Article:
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J Mol Cell Cardiol. 2014 Jul;72:316-25. doi: 10.1016/j.yjmcc.2014.04.008. Epub 2014 Apr 21.

Genetic manipulation of the cardiac mitochondrial phosphate carrier does not affect permeability transition.

Author information

1
Dalton Cardiovascular Research Center, University of Missouri-Columbia, Columbia, MO 65211, USA.
2
Department of Medical Pharmacology and Physiology, University of Missouri-Columbia, Columbia, MO 65211, USA.
3
Department of Pediatrics, Cincinnati Children's Hospital Medical Center, University of Cincinnati, Cincinnati, OH 45229, USA; Howard Hughes Medical Institute, Cincinnati, OH 45229, USA.
4
Dalton Cardiovascular Research Center, University of Missouri-Columbia, Columbia, MO 65211, USA; Department of Biomedical Sciences, University of Missouri-Columbia, Columbia, MO 65211, USA; Department of Medical Pharmacology and Physiology, University of Missouri-Columbia, Columbia, MO 65211, USA. Electronic address: bainesc@missouri.edu.

Abstract

The Mitochondrial Permeability Transition (MPT) pore is a voltage-sensitive unselective channel known to instigate necrotic cell death during cardiac disease. Recent models suggest that the isomerase cyclophilin D (CypD) regulates the MPT pore by binding to either the F0F1-ATP synthase lateral stalk or the mitochondrial phosphate carrier (PiC). Here we confirm that CypD, through its N-terminus, can directly bind PiC. We then generated cardiac-specific mouse strains overexpressing or with decreased levels of mitochondrial PiC to assess the functionality of such interaction. While PiC overexpression had no observable pathologic phenotype, PiC knockdown resulted in cardiac hypertrophy along with decreased ATP levels. Mitochondria isolated from the hearts of these mouse lines and their respective non-transgenic controls had no divergent phenotype in terms of oxygen consumption and Ca(2+)-induced MPT, as assessed by swelling and Ca(2+)-retention measurements. These results provide genetic evidence indicating that the mitochondrial PiC is not a critical component of the MPT pore.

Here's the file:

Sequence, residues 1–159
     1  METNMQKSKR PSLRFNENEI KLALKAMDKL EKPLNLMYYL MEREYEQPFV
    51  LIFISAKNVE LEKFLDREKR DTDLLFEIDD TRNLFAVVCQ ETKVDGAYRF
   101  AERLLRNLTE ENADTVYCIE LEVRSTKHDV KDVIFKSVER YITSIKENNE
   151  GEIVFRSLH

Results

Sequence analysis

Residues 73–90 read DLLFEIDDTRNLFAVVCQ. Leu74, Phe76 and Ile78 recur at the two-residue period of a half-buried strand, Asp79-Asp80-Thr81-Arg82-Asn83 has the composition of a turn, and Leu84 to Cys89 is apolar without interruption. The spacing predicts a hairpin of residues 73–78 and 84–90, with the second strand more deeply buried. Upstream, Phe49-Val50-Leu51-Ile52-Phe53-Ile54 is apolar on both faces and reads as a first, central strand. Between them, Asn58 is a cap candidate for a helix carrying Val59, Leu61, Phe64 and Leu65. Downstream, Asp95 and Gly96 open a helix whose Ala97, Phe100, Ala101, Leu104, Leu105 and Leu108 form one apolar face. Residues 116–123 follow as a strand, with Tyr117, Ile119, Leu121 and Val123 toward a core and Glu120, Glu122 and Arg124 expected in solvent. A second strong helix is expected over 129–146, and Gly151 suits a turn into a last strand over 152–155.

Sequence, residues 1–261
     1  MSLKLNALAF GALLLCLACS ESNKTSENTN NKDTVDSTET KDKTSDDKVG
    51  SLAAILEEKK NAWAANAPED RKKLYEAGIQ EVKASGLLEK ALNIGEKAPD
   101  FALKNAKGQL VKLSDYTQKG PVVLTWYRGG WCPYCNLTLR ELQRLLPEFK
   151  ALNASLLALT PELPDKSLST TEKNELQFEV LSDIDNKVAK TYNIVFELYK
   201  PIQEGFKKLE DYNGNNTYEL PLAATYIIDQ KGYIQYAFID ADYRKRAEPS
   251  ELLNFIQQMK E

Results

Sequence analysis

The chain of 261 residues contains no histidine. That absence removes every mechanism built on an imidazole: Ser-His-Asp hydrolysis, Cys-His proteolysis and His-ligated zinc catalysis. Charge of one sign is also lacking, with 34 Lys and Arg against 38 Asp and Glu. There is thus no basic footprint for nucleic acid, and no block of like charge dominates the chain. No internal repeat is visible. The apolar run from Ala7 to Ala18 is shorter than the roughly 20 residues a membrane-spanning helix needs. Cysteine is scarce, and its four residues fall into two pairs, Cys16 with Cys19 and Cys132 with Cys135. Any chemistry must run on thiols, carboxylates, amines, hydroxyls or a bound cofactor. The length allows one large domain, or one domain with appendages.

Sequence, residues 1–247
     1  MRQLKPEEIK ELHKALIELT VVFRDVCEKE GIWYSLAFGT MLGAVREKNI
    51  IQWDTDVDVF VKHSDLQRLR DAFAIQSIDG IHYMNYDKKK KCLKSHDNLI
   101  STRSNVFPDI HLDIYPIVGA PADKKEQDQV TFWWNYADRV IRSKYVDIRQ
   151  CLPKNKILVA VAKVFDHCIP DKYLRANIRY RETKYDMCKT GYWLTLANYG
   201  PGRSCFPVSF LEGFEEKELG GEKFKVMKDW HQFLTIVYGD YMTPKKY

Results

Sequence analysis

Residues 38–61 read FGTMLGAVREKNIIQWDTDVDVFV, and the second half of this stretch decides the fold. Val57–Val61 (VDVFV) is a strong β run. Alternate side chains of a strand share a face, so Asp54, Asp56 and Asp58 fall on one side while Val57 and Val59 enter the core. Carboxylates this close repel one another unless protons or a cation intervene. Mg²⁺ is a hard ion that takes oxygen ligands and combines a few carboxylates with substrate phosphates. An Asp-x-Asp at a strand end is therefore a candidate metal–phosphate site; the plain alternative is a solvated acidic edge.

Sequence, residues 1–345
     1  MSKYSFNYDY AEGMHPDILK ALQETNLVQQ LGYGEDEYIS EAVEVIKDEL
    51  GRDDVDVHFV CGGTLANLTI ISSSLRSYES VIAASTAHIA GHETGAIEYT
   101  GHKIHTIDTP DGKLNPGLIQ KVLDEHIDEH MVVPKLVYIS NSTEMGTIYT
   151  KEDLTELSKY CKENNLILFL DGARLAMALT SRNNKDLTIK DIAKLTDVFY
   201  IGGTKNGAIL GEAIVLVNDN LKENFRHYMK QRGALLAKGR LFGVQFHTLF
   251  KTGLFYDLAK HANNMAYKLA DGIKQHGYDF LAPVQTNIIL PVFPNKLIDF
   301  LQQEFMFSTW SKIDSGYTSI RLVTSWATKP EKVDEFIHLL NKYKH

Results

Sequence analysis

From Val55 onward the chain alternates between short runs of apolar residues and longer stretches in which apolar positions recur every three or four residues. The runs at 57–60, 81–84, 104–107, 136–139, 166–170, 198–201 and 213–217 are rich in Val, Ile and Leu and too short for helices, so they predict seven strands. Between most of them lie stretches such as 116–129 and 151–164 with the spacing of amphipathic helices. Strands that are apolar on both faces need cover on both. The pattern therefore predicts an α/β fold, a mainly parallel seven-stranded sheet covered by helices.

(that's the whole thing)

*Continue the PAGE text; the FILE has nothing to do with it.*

KEYWORDS:

Cyclophilin-D; Mitochondrial permeability transition; Mitochondrial phosphate carrier; Mouse genetics

PMID:
24768964
PMCID:
PMC4080311
DOI:
10.1016/j.yjmcc.2014.04.008
[Indexed for MEDLINE]
Free PMC Article

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